Stash Pu-Erh Tou Cha – This was the most expensive Puerh that I tried and to be quite honest I could not taste any difference between it and Indigo's Tou Cha Puerh, so save your money and not bother with this one.
[price: $9.95 per 100g (less than 4oz) bag, with a buy 3 get 1 free offer]
12th-Mar-2006 12:03 pm - train/harmonica whistle tea kettle
We have a teakettle of the very plain silver variety, the type with the little red button you depress to open the spout. The spout being the only way to get water in, you know the type.

Well, our spring has run the course of it's life and no longer holds the lid down securely. Thus the whistle no longer works properly.

The problem with this for us is that the whistle is a harmonica sound. And as I have found in my searches for a replacement, that is rare. I looked at other kettles of similar design and I cannot attach our whistle to them. I've searched for other harmonica whistle (or train whistle) teapots and they're all rather expensive and I don't like the designs.

Any direction or information you lovely tea-folk can provide would be greatly appreciated.

~x-posted~
8th-Mar-2006 05:50 pm - Tea Types (Tea Classification)
Place Reservoir
There is a serious amount of confusion regarding tea types.

There are three major sub-types of tea that everyone can agree on:
  • Non-oxidized
  • Partially-oxidized
  • Fully-oxidized


However, confusion already exists at this point in classification. Even though everyone can agree on these major types, no one seems to be able to agree on what they should be called. For example, non-oxidized teas may be called "non-fermented" or "GREEN". And the other two categories have the exact same problem (with partially-oxidized teas being called oolong, and completely oxidized teas being called black or red). No wonder there is so much confusion!

After that, each of the three major types is usually further divided into sub-types.
  • Non-oxidized is divided into three types: green, yellow, and white
  • Partially-oxidized is divided into two types: light or pouchong (lightly oxidized) and heavy or oolong (heavily oxidized). - * See Note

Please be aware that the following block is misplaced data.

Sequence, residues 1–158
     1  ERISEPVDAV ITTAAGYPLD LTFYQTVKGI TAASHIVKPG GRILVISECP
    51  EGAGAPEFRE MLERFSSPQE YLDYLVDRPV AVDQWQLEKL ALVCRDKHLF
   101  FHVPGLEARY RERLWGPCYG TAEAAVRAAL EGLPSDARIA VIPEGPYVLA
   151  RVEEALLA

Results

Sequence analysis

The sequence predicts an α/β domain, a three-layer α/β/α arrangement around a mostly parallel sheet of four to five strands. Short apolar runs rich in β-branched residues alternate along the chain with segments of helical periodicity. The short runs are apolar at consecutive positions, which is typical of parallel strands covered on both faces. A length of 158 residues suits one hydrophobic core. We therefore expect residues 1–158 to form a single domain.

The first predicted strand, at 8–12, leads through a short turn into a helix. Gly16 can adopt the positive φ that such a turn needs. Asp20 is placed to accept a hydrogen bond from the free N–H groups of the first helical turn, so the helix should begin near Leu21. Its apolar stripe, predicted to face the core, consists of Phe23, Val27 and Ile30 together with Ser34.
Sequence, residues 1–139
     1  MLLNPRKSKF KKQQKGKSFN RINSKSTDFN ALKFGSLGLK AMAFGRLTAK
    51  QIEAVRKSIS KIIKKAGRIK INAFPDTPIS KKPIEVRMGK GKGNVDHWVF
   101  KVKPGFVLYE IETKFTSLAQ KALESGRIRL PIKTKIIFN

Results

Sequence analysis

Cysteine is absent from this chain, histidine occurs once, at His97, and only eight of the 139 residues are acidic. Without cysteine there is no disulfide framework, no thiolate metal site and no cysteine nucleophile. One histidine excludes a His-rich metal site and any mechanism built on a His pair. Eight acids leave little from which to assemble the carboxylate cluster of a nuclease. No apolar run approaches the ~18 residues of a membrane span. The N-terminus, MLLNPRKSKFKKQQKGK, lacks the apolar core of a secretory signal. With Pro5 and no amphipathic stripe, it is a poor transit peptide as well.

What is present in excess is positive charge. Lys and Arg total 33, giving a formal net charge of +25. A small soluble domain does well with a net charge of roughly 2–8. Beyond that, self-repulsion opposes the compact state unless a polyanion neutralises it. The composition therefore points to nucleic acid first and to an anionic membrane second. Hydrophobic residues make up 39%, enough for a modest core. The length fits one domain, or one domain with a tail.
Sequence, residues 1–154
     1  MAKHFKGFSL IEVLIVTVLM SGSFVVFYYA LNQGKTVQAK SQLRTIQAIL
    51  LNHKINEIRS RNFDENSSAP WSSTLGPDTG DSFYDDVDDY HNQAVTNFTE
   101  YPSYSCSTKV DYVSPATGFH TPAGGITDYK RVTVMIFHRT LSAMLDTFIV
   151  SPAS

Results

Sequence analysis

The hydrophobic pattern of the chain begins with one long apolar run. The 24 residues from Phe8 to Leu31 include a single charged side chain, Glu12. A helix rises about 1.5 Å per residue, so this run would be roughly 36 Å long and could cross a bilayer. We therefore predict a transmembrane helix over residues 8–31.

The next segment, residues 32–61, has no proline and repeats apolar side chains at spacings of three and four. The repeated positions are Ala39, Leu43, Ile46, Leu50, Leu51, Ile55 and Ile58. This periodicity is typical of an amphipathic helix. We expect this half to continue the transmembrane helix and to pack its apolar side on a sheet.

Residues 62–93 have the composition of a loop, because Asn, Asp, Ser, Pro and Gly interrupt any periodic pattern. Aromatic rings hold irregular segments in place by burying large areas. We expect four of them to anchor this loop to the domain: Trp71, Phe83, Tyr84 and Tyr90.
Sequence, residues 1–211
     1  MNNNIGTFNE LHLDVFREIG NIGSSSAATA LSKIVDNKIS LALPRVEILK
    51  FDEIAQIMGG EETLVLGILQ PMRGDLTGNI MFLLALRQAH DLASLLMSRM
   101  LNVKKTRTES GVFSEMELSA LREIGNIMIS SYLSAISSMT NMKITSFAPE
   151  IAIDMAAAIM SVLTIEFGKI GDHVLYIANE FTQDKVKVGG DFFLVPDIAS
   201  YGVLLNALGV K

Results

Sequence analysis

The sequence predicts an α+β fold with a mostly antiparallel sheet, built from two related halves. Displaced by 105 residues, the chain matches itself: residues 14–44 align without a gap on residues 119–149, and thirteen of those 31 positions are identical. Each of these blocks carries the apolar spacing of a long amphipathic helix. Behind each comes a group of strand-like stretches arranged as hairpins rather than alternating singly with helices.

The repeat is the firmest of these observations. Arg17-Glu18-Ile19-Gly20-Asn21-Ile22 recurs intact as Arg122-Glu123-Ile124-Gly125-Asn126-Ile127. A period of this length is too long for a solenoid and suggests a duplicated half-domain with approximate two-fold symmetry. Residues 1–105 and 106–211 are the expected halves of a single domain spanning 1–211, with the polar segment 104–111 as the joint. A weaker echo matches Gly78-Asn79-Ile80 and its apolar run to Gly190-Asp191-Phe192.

• Fully-oxidized is divided into two types: black/red, and pu-erh.


What differentiates all of these sub-types is the processing methods involved. All of these teas are first picked, then sorted/screened. After that, any number of things may occur to differentiate one tea from another.
For non-oxidized teas:
White tea is withered, then dried/baked.
Yellow tea is steamed, smothered (covered with cloth), then rolled, then dried/baked.
Green tea is steamed or pan fired, then rolled, then dried/baked.

For partially-oxidized teas:
Pouchong tea is withered/steamed, shaken or rolled, spread out for an extremely short time (to 10-20% oxidation), and then fried or dried.
Oolong tea is withered, shaken or rolled, spread out for a short time (to 30-80% oxidation), and then fried or dried.

For fully-oxidized teas:
Black tea is withered, rolled, spread out under high humidity until fully oxidized, and then fired.
Green pu-erh tea is heated, rolled (sometimes), withered until 90% moisture has been removed, sorted by grade, steamed & compressed, and then stored in a dry environment to encourage slow oxidation (this is why green, or uncooked, pu-erhs benefit from aging).
Black pu-erh tea is heated, rolled (sometimes), withered until 90% moisture has been removed, sorted by grade, oxidized for anywhere from several days to a month, and then either stored in cloth bags (loose leaf) or steamed and compressed.





A lot of tea companies classify jasmine tea as a green tea. Other companies will classify it as an oolong, and claim that the companies that classify it as a green tea are wrong.

Which one is correct?

As it turns out, the extra step of adding jasmine to tea partially oxidizes it. Basically, the jasmine flowers are combined with the tea before firing and left with the tea for some time. This allows the tea to oxidize slightly, resulting in a lightly-oxidized tea. So it is no longer really a "green" tea. Instead, it is a scented pouchong tea.

Pouchong is often referred to as "chinese green." The nickname may be the reason why so many companies classify it as a green tea. However, it is not technically a green tea, because it is partially oxidized.

On the other hand, pouchong is not really an oolong, either. Pouchongs are about 10-20% oxidized, whereas oolongs are 30-80% oxidized.

Many tea companies carry pouchong, but do not have a pouchong category. Therefore, they feel the need to either categorize it as green or oolong. However, neither is really correct.

Unless, of course, unless the company in question only recognizes three tea types: green (for non-oxidized teas), oolong (for partially-oxidized teas), and black (for fully-oxidized teas). In this case, jasmine would be an oolong. However, in thise case, the company in question could not have a "white" category (white teas would have to be placed within the green/non-oxidized category).

The same problem, incidentally, occurs with pu-erh and yellow teas: many tea companies don't have a category for them, so they choose to place them (incorrectly) into a different category.

Perhaps the answer to this dillemma, rather than incorrectly classifying teas, is to create a category called "miscellaneous" and place all pouchong, yellow, and pu-erh teas into that category. If nothing else, this might help ease confusion.